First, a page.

Please welcome guest blogger Kristen J. Sollee, founder of Slutist.com and author of Witches, Sluts, Feminists: Conjuring the Sex Positive. This is the final installment of a IV series of excerpts from Kristen’s book. Read the last post on Political Witch: Rebellion & Revolution.
The Feminine Mystique Meets the Digital Mystic
Millennials are the first native digital generation to have grown up online, and because the internet is divested from nature—from sunrise and sunset and the seasons to the waxing and waning moon—some have responded with increased investment in the earth. As a new wave of interest in the witch rises, information on nature-based practices is proliferating. There are social media hubs where you can learn how to use ritual to heal from trauma, how to use sex magic to achieve desired goals, and how to harness the power of natural objects for a variety of purposes. Many of these witchcraft practices are rooted in ancient—and even historically secretive—traditions, but are now available to the masses in digital grimoires. There is a uniquely twenty-first-century kind of magic, however, that straddles the physical and virtual worlds and could not exist offline. From texting emoji spells to Snapchatting rituals, digital mystics are changing the face of contemporary witchcraft. And as witchcraft is not merely a solitary practice, when witches take these digital tools and join together, the results can be powerful.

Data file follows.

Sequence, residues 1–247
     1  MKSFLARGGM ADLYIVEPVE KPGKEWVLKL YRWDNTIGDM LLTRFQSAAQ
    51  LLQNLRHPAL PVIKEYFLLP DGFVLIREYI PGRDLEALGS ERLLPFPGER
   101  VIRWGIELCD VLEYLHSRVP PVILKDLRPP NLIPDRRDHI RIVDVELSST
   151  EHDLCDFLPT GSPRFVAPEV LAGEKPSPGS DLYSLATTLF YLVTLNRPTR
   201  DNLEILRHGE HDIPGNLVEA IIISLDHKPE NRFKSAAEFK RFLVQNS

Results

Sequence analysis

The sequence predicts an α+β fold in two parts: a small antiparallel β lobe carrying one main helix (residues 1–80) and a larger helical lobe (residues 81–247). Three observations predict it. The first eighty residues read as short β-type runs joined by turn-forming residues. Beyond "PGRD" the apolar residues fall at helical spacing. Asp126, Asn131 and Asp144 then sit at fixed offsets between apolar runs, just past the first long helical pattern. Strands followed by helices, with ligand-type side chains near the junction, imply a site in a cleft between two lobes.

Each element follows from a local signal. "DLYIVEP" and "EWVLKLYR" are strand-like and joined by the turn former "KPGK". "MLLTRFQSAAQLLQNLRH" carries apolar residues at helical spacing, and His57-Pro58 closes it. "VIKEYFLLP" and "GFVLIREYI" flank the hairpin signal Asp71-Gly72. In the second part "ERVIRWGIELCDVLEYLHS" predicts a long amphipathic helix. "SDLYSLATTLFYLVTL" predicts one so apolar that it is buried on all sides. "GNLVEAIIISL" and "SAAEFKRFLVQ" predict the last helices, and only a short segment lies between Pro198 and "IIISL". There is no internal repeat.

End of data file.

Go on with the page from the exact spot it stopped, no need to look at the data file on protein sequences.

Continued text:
Collective spellcasting happened with increased frequency over the past few years. As feminist activists organized online in the name of social justice, thousands of mystics, occultists, intuitives and SJWs (Social Justice Witches) connected through social media to hex and/or bind racist police officers killing unarmed people of color, transphobic lawmakers passing prejudicial bills, government contractors desecrating sacred indigenous land, president Donald Trump, Stanford rapist Brock Turner, and pharmaceutical price gouger Martin Shkreli. They shared messages of solidarity and healing and set their sights on fighting racism, sexism, xenophobia, homophobia, and transphobia through any means necessary.
Although skeptics do scoff, this kind of spellcasting need not only be thought of in spiritual terms. Collective spellcasting functions similarly to the way people rally behind a hashtag to inspire media coverage, drive real world protest, influence representatives, and, eventually, enact laws and national change. If language can be a spell, and repetition a method to transform intent into action, harnessing the collective consciousness through viral activist campaigns is one way contemporary feminist witches are using their magic to fight back against oppression.